Dyslexia Awareness

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September 12, 2021
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October 13, 2021

Dyslexia Awareness

October is Dyslexia awareness month, grey background

According to the Annie E. Casey Foundation, almost 9 out of 10 high school dropouts were struggling readers in third grade. In addition, the National Assessment of Adult Literacy describes that 7 out of 10 prison inmates cannot read above a fourth-grade level. Jamie The Tutor believes that by giving children access to Orton-Gillingham based programming from early childhood and beyond, they will become proficient in reading and illiteracy can be solved. She has seen many children with dyslexia succeed.

Did you know that dyslexia affects up to one in every five students in the United States? Dyslexia is one of the most common learning disorders, although it frequently remains undiagnosed in our educational system. Is it tough for your child to decode or sound out words? Is your child taking so long to sound out words that they are losing track of what they are reading? Your child may have dyslexia if this is the case.

According to the International Dyslexia Association, “Dyslexia is a specific learning disability that is neurobiological in origin. It is characterized by difficulties with accurate and/or fluent word recognition and by poor spelling and decoding abilities. These difficulties typically result from a deficit in the phonological component of language that is often unexpected in relation to other cognitive abilities and the provision of effective classroom instruction. Secondary consequences may include problems in reading comprehension and reduced reading experience that can impede growth of vocabulary and background knowledge.”

Children with dyslexia have difficulties matching sounds to symbols. As a result, matching the correct letter sound to the corresponding letter symbol can be difficult for them. Letter and sound combinations are progressively developed in our English language. Difficulties with certain letter sound combinations lead to sluggish and laborious word decoding, which has an impact on all other aspects of literacy, including vocabulary growth and comprehension. While dyslexic children have difficulty learning to read, this is in no way a reflection of their ability. Dyslexic children are frequently clever and imaginative thinkers.

What are the Characteristics of Dyslexia?

According to Dr. Sally Shaywitz of the Yale Center for Dyslexia and Creativity, here are some of the most common signs and symptoms of dyslexia excerpted from her book Overcoming Dyslexia (pp. 122-123):


  • Trouble learning common nursery rhymes, such as “Jack and Jill”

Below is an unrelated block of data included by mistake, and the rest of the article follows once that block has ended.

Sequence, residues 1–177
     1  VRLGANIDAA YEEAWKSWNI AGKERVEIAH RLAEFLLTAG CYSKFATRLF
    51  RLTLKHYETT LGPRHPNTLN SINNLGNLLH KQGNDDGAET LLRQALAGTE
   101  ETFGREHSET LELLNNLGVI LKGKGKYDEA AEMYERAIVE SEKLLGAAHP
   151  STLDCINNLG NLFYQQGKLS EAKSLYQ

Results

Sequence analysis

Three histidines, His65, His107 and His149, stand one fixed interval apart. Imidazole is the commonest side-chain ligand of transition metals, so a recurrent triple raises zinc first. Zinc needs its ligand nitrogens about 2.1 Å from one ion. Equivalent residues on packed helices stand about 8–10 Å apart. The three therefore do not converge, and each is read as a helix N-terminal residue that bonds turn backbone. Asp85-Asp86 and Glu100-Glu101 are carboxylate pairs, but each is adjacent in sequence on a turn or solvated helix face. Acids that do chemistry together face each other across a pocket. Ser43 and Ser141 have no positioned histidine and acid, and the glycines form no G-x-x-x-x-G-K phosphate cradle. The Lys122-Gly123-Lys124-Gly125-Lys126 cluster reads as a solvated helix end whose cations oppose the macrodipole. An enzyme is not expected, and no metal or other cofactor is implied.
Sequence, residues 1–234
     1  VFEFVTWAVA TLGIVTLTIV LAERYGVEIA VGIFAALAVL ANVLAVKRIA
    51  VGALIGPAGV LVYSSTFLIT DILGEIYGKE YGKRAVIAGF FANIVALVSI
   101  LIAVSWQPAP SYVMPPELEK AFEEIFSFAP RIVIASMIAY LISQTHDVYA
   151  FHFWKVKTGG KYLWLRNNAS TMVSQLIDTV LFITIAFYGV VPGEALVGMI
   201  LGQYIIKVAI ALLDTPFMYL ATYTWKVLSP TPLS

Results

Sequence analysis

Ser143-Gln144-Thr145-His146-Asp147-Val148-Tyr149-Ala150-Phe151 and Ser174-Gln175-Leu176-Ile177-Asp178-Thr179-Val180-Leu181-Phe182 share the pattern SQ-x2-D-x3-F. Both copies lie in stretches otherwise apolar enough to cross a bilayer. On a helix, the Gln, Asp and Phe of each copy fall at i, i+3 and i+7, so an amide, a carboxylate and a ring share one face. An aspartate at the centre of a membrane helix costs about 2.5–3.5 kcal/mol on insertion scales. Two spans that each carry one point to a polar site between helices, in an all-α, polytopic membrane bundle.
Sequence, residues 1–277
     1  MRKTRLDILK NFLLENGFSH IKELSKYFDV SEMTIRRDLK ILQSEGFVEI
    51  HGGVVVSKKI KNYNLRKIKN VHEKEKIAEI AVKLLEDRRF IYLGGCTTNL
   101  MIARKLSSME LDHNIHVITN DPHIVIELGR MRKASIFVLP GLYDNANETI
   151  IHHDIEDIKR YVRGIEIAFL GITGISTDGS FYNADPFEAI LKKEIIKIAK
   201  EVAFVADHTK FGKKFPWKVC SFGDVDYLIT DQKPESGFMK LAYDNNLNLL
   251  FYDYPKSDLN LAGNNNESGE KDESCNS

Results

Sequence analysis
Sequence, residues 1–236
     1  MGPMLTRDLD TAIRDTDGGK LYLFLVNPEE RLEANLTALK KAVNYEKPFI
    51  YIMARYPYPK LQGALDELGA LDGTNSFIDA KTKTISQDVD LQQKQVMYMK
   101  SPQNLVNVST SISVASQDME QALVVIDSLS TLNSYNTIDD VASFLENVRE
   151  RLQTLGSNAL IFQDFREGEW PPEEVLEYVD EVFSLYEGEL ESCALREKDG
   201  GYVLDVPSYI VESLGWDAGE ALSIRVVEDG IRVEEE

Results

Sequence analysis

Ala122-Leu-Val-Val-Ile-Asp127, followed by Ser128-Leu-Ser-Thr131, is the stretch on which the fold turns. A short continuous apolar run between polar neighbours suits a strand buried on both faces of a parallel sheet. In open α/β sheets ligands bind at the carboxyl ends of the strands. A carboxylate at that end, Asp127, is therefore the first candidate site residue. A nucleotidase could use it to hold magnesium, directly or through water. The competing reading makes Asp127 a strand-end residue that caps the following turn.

• Difficulty learning (and remembering) the names of letters in the alphabet
  • Seems unable to recognize letters in his/her own name
  • Mispronounces familiar words; persistent “baby talk”
  • Doesn’t recognize rhyming patterns like cat, bat, rat
  • A family history of reading and/or spelling difficulties (dyslexia often runs in families)

Kindergarten and First Grade

  • Reading errors that show no connection to the sounds of the letters on the page; will say “puppy” instead of the written word “dog” on an illustrated page with a picture of a dog
  • Does not understand that words come apart
  • Complains about how hard reading is; “disappears” when it is time to read
  • A history of reading problems in parents or siblings
  • Cannot sound out even simple words like cat, map, nap
  • Does not associate letters with sounds, such as the letter b with the “b” sound

Second Grade through High School

  • Very slow in acquiring reading skills. Reading is slow and awkward
  • Trouble reading unfamiliar words, often making wild guesses because he/she cannot sound out the word
  • Doesn’t seem to have a strategy for reading new words
  • Avoids reading out loud

What is the Effective Method of Instruction for Children with Dyslexia?

Children with dyslexia require the Orton-Gillingham method of instruction. The Orton-Gillingham technique was developed in the early twentieth century by Samuel T. Orton, a neuropsychiatrist and pathologist at Columbia University, and Anna Gillingham, an educator and psychologist at Columbia University. Orton- Gillingham is a multimodal and highly organized method to reading. All of the learning modalities (visual, auditory, kinesthetic, and tactile) are engaged simultaneously as children learn the laws of the English language in a systematic and cumulative manner.

This form of education can help children become successful and fluent readers. In order to give Orton- Gillingham education effectively, this approach to reading necessitates training, progress tracking, and support. Children with dyslexia are not usually detected due to the lack of extensive training for all teachers. The earlier reading impairments in children are identified, the better the outcome.